In what has been an already chaotic trade deadline the New York Rangers and Tampa Bay Lightning stole the show exchanging captains. The major catalyst behind this deal was the inability of the Rangers to agree on a long term deal with Ryan Callahan who is in the final year of a 3-year $12.8 million deal he signed in 2011, just before he was given the ‘C’. For Tampa Bay, this deal began when Martin St. Louis was snubbed for the Olympics by GM Steve Yzerman, and rumors began to swirl about him wanting out of Tampa Bay despite later being added to the team as an injury replacement for teammate Steven Stamkos. The basic outlines of the deal are Callahan, 2015 1st round and 2014 2nd round picks for St. Louis although there are several conditional picks involved. Rangers fans have long dealt with one of the most active front offices in hockey and as with all major moves such as this deal, there are several takeaways.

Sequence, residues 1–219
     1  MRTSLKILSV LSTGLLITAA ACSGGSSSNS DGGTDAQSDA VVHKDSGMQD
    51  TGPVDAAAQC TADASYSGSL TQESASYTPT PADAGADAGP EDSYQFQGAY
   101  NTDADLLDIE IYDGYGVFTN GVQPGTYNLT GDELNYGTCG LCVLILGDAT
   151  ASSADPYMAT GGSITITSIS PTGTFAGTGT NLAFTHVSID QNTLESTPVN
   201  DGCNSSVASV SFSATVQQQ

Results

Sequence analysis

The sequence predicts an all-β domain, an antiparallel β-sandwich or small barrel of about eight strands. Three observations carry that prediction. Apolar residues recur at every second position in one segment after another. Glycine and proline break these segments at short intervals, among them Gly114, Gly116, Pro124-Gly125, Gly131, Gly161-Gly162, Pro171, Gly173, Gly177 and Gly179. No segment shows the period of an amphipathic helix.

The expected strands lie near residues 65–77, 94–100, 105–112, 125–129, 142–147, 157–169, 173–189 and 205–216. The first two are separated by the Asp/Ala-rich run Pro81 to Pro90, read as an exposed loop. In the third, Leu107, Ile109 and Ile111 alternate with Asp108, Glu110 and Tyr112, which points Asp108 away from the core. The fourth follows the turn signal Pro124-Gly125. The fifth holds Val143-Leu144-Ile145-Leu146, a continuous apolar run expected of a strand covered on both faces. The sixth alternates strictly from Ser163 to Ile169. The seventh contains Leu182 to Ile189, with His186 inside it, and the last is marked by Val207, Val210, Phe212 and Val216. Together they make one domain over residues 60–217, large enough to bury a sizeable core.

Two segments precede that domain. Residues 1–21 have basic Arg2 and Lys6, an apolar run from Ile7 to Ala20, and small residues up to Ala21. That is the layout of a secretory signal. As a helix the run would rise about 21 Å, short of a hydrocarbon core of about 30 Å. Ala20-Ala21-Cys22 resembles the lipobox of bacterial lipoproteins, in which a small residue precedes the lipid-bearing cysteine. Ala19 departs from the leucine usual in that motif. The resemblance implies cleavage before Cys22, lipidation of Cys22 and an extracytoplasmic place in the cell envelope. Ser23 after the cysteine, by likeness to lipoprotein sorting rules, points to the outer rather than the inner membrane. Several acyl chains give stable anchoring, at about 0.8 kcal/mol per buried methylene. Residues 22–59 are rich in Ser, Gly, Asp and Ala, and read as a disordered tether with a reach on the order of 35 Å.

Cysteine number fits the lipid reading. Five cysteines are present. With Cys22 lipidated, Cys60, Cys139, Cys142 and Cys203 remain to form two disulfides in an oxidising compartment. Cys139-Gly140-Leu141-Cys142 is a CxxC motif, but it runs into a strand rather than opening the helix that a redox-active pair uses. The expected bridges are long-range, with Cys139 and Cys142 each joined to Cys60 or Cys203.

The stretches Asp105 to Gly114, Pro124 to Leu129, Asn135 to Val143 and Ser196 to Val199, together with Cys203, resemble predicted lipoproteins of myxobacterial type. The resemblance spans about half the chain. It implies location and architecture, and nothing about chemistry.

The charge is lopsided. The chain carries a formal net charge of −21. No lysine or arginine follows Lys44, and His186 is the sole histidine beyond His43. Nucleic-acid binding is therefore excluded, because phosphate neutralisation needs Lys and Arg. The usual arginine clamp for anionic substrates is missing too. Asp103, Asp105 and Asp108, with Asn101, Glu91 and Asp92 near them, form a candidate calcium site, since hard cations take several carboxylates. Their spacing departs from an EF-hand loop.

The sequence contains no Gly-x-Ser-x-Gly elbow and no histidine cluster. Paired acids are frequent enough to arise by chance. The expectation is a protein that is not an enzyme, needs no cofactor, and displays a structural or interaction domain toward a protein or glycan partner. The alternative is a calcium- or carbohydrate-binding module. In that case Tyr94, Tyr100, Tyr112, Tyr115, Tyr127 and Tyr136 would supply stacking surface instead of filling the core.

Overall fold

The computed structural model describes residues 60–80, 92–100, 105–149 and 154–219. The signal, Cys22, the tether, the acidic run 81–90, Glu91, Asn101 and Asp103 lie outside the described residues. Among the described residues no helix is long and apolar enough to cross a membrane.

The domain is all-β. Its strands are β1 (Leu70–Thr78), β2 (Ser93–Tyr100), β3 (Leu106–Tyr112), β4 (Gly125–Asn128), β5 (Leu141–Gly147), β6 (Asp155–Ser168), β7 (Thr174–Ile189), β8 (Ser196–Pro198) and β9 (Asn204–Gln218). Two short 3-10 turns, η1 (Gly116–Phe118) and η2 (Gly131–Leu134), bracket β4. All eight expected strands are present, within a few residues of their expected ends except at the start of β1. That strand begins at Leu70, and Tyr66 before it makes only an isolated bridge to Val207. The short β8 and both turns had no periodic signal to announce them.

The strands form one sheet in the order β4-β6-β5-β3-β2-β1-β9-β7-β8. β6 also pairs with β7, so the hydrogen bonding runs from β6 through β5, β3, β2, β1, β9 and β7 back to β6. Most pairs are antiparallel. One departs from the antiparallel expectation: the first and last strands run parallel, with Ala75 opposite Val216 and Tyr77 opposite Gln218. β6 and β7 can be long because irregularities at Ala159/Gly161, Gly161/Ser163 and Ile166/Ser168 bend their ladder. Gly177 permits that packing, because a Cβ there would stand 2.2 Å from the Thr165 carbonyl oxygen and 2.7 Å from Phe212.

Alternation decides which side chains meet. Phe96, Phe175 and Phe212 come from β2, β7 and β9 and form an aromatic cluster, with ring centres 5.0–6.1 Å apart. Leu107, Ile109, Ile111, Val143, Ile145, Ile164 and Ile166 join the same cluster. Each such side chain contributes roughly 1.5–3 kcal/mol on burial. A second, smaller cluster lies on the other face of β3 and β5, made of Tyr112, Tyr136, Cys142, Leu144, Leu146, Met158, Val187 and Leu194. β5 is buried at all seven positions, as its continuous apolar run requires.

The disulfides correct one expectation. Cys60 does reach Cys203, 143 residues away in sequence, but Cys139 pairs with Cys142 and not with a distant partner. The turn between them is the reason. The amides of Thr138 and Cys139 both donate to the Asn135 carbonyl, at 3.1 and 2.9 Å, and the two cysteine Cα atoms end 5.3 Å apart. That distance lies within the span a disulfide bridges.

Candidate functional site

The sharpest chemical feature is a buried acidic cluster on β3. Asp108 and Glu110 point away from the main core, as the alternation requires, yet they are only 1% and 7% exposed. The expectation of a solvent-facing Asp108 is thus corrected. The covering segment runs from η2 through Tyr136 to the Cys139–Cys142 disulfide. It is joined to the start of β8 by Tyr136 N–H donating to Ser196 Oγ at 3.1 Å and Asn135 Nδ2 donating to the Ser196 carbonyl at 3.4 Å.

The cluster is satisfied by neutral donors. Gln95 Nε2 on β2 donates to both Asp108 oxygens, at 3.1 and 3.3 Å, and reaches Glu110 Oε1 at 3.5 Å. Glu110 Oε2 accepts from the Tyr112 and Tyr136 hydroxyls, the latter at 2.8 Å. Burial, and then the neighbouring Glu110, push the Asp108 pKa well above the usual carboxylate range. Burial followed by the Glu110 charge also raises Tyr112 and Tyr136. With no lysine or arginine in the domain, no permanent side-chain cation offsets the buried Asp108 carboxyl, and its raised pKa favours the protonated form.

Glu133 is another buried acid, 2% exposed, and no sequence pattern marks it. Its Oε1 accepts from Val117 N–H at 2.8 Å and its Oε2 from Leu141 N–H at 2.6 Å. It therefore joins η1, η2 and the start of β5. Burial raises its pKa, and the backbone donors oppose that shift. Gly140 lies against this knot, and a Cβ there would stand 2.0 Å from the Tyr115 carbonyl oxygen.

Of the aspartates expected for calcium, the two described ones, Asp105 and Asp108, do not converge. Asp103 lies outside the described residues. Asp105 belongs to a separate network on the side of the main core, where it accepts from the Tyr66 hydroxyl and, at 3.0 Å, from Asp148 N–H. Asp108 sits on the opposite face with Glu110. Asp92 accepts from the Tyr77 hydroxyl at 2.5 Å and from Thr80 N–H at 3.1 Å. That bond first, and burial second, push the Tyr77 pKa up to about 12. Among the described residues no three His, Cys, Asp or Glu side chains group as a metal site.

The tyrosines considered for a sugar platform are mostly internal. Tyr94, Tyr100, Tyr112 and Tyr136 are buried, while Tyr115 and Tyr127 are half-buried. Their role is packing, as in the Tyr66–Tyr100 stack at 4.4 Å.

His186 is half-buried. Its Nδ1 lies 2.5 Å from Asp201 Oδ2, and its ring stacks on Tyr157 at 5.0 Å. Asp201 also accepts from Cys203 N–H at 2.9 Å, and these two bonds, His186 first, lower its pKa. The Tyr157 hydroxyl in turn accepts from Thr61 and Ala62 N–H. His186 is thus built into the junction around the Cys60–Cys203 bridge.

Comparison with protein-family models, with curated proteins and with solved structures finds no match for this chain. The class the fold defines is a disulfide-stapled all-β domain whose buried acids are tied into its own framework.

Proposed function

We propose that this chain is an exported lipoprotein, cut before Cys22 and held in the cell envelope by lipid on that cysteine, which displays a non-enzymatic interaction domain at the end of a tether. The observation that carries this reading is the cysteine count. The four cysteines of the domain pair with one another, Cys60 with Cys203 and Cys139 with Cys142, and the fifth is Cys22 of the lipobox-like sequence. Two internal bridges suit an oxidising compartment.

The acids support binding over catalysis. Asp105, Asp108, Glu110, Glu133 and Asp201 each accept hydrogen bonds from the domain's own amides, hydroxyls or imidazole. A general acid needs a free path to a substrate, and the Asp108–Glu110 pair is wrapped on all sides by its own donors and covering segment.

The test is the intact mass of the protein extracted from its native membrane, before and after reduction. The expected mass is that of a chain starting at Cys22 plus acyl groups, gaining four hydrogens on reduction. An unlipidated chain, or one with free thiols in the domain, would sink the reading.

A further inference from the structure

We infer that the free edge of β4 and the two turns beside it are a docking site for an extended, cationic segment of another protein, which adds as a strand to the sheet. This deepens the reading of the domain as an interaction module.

Getting Something for Nothing
The smartest part of this deal for the New York Rangers was that they were able to get value out of Callahan before he departed this offseason. Based on reports of the contract negotiations, the team and its captain were far apart on years and salary, the two most important elements of a new contract. As the deadline approached they moved slightly closer but it seems that they were never realistically close to agreeing on any concrete terms. In all likelihood the Rangers were going to lose Callahan without any return in the offseason when one of the other 29 GMs overpaid for Callahan’s services. Ryan Callahan is not worth $6.5-7 million a year, even with his intangibles. Essentially this deal boiled down to adding one more year to the inevitability of Callahan’s departure with St. Louis signed through 2015 for a reasonable price of $5 million. St. Louis was a nice return as he is still a highly productive offensive player. Through 62 games this year, St. Louis has 61 points and 29 goals, both higher marks than anyone on the Rangers. He has been this productive without Steven Stamkos in the lineup, making the stats even more impressive. With all this being considered, the Rangers were able to get something, a high quality player at that, for what would have been nothing this offseason. Those positive takeaways are complicated with the involvement of two high draft picks in the deal.